Life in the Cloud: The Complications and Conveniences of a Connected World

Over the last year or so, I've grown increasingly aware of and interested in the idea of life without a hard drive. My existence is, admittedly, a bit unique. I spend a lot of time on my laptop; in fact, it is my main computer. When I'm in my office, it is connected to a big monitor for convenience, but my MacBook Pro powers everything.

I'm mildly obsessed with backing up my computer. I have multiple external hard drives that back up various important files and folders, the most important of which are backed up on all of them for safety because I carry my laptop all over the place and the chance of it getting broken or stolen leaves me concerned enough to be a bit of a backup Nazi.

In addition, I use my iPhone more than is probably reasonably safe for a human. I have not migrated myself to an iPad as of yet mainly because two of the more important software titles I used for work are not available on the iPad, nor are there decent equivalents available. So, I'm stuck with a laptop. But, I wondered recently if I should just get a computer for my office so that I can traipse around mindlessly without the fear my data will be lost in a fall or to some jerk criminal.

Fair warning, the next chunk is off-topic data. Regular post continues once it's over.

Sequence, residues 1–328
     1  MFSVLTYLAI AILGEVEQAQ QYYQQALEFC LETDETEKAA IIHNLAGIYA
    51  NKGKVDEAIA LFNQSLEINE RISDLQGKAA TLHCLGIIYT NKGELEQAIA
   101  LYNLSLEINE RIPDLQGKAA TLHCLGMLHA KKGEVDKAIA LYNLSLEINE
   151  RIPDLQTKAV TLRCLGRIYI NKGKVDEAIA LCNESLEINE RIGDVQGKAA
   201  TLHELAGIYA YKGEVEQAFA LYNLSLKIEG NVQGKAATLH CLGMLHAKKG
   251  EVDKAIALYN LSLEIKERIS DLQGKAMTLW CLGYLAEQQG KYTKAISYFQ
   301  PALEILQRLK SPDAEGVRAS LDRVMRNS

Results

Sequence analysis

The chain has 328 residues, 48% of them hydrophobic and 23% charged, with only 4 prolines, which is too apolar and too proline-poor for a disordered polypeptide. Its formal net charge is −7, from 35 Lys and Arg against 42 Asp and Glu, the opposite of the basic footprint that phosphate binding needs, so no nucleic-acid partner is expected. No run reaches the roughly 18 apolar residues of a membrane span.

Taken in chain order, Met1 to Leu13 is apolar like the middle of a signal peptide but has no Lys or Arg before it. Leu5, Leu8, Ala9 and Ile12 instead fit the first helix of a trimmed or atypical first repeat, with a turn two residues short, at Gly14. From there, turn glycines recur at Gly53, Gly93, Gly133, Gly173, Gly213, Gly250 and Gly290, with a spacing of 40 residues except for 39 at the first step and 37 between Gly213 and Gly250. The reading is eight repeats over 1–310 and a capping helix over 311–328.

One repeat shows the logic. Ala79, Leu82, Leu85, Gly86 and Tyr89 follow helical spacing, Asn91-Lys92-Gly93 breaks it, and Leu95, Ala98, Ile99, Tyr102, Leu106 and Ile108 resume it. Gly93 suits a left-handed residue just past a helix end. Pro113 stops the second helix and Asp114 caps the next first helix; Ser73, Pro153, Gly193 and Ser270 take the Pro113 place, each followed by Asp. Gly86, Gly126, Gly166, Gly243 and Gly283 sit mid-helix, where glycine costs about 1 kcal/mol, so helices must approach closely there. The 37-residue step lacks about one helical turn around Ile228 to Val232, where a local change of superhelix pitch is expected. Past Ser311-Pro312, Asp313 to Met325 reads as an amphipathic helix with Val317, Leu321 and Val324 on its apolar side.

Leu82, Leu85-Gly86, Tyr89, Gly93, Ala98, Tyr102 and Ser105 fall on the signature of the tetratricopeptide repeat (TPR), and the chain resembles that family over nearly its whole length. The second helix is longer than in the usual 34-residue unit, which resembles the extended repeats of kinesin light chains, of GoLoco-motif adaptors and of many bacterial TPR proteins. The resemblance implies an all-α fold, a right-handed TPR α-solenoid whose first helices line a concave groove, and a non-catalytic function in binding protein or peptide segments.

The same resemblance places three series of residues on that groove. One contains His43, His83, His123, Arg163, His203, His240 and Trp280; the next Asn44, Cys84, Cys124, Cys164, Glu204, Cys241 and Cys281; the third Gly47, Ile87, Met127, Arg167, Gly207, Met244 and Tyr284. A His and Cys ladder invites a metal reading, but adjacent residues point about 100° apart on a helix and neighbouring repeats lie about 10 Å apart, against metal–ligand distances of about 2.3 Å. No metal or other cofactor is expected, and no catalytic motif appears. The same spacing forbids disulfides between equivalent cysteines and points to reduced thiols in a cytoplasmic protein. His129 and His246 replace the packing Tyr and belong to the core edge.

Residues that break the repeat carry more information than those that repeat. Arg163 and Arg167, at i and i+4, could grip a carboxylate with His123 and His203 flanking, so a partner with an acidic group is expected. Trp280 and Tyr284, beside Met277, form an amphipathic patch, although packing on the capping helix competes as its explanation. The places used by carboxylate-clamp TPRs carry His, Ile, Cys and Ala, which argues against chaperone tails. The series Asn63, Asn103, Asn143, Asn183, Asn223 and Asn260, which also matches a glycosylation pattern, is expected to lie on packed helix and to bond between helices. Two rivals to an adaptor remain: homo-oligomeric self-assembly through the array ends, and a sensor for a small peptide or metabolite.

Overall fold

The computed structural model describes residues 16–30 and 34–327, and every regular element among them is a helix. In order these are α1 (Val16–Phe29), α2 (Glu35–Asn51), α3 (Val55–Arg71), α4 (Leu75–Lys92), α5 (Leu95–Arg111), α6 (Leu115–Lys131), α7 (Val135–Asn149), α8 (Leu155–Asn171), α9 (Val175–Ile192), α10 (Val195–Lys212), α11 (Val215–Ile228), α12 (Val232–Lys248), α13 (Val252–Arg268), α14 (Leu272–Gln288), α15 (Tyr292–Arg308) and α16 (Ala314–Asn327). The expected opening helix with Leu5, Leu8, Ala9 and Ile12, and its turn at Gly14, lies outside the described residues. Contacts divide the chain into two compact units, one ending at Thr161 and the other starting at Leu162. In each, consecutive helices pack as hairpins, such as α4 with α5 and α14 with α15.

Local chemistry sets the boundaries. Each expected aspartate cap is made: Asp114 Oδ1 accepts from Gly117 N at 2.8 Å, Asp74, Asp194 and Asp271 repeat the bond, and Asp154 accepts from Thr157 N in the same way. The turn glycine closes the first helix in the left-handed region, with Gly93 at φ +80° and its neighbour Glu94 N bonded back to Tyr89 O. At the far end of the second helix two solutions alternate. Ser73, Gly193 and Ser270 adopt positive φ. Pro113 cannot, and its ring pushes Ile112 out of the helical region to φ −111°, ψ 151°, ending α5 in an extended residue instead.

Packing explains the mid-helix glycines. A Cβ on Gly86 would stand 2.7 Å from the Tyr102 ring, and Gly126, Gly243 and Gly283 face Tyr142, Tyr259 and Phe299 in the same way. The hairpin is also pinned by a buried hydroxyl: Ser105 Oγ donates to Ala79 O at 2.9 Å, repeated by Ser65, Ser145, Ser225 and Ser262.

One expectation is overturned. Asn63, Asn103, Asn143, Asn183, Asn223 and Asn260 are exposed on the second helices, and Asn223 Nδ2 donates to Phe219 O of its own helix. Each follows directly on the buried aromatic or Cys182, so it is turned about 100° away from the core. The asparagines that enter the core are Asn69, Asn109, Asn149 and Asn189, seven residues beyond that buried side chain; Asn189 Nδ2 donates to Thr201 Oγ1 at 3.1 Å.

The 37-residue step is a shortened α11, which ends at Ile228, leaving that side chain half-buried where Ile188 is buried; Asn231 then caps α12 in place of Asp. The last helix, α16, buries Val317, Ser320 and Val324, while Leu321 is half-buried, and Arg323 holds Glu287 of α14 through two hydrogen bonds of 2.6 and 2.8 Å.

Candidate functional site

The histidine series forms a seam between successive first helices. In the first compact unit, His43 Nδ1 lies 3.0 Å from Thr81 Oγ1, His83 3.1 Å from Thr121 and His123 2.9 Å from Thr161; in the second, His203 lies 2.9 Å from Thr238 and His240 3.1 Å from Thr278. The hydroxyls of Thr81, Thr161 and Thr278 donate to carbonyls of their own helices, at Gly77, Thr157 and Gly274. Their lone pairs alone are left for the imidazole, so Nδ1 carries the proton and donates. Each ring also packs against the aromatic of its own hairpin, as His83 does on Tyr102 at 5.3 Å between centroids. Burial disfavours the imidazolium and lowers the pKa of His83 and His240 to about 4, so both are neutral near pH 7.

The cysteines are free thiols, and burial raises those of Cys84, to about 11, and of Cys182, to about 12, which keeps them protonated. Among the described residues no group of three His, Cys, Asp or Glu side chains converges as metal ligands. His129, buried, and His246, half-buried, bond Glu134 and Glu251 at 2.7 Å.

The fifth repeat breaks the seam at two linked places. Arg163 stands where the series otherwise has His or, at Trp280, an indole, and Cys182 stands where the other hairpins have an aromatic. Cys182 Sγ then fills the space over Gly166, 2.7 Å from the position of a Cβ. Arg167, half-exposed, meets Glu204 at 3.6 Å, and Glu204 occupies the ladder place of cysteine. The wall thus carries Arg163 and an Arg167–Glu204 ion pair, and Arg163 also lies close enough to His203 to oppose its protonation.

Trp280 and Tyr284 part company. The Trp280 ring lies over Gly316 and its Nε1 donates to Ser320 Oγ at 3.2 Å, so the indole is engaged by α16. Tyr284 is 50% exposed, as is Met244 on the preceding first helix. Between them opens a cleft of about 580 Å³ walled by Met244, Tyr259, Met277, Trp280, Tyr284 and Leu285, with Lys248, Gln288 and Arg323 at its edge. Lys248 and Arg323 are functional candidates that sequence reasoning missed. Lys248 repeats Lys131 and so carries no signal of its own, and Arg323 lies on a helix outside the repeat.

That has led me to the conclusion that it is time to consider life in the cloud and I've made some interesting discoveries.

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Jeff Balke is a writer, editor, photographer, tech expert and native Houstonian. He has written for a wide range of publications and co-authored the official 50th anniversary book for the Houston Rockets.
Contact: Jeff Balke